This background helps to explain why Latin Americans may be suspicious – it not openly doubtful – when security becomes a paramount issue for political leaders. Security is usually the means to assure the privileges of a few at the cost of the many. Latin American history teaches us to be skeptical about security. The State never saw it as its role to assure the rights of the common people or to promote a welfare system. The State was not created for a common good, but to develop a system in which the goods could be better appropriated by the financial and political oligarchies. Security for the powerful meant insecurity for the poor and marginalized. Social and political vulnerability could only be overcome though efforts of solidarity among those disenfranchised. Rights were conquered, not given.
 After more than five centuries of colonialism and post-colonialism, most countries in Latin America and the Caribbean today are facing a neo-liberal economy. If, in the past, wealth was drained, plantations were established, and dependency was fostered, the reality nowadays, in a globalized economy, is more complex. There is no longer a distinct separation between rich and poor countries, colonies and colonized. Countries that formerly were part of the “after-dinner economy” (they exported primarily coffee, sugar and cocoa – items served as desert, after dinner, and therefore not as valuable) are now playing in the global market. In addition, the categorization of countries as either rich or poor is both artificial and simplistic, considering the existence of both extreme wealth and poverty within any given country.
 Transnational companies also make it difficult to demand accountability. They play into a global market, drawing wealth from local sweatshops, where labor unions are less strict or less organized. Local governments offer more incentives to foreign business than national ones. A sophisticated banking and investment system gives the impression of affluence in a system that creates illusory money, also in the southern hemisphere. Ironically, the search for financial security leads to invest in less palpable things (particularly fiscal paradises). This brings us to yet another facet of the paradox: the sense of vulnerability of the secure. The more vulnerable people fear the more they search for security. Among the affluent in Latin America, this led to the build-up of a military economy (including war efforts), opening of markets to exportation, investment in a cash crop economy, and a general weakening of local government.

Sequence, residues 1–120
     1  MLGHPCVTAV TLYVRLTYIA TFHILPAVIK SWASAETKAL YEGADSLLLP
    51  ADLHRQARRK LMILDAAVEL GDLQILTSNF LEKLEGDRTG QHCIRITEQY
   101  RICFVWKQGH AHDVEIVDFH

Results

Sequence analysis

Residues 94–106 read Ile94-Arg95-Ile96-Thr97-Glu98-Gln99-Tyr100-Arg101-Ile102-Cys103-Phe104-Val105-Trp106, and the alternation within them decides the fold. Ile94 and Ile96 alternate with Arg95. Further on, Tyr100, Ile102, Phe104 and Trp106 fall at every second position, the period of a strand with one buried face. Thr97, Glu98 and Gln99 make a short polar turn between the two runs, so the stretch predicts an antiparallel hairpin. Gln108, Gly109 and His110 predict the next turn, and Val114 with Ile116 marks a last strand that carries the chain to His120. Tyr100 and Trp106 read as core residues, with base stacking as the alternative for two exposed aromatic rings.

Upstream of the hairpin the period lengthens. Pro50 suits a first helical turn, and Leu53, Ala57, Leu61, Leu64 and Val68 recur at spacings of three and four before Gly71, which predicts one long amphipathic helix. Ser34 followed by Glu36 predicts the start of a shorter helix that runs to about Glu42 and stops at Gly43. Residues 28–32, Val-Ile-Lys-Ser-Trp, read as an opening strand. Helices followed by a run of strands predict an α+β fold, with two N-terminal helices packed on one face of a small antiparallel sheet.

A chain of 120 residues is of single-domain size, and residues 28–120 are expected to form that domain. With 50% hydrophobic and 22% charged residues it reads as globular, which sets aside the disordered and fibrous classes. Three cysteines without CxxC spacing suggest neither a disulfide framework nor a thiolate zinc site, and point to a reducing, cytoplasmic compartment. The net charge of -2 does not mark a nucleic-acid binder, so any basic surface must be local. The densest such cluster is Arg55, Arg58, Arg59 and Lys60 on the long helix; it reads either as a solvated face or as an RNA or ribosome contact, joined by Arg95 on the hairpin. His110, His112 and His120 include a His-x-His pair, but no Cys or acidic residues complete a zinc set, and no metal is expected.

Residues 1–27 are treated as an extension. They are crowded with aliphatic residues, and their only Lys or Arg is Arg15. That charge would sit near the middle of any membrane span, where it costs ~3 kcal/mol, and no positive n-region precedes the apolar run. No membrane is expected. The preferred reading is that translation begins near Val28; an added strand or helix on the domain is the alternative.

Socially, the paradox between vulnerability and security is thus constructed: the security of some is the vulnerability of many, and the vulnerability of a few (in those aspects that affect power, might, status, and stability) leads to the lack of security for all.
 In Latin America, vulnerability has been addressed particularly in light of Jesus’ life and death. Such message emphasized vulnerability (not security), considering that this is the social and theological locus of the majority of the people. Theologians such as Jon Sobrino and Leonardo Boff wrote dramatic accounts relating the suffering of Christ with the suffering of the poor and marginalized in the continent. The vulnerability of God, in Jesus Christ, is recalled yearly in El Salvador, when martyrs are remembered. But the cross is a powerful symbol everywhere. The blood of the innocent, shed by military powers, the blood of the poor, shed by economic injustice, and the blood of children, shed by famine or disease are as painful and concrete as the death of Jesus on the cross. Liberation theologians have long stressed that the role of Christianity is to comfort the afflicted and afflict the comfortable. In our context, this demands a prophetic role: denouncing injustices and announcing a new reality of life in abundance.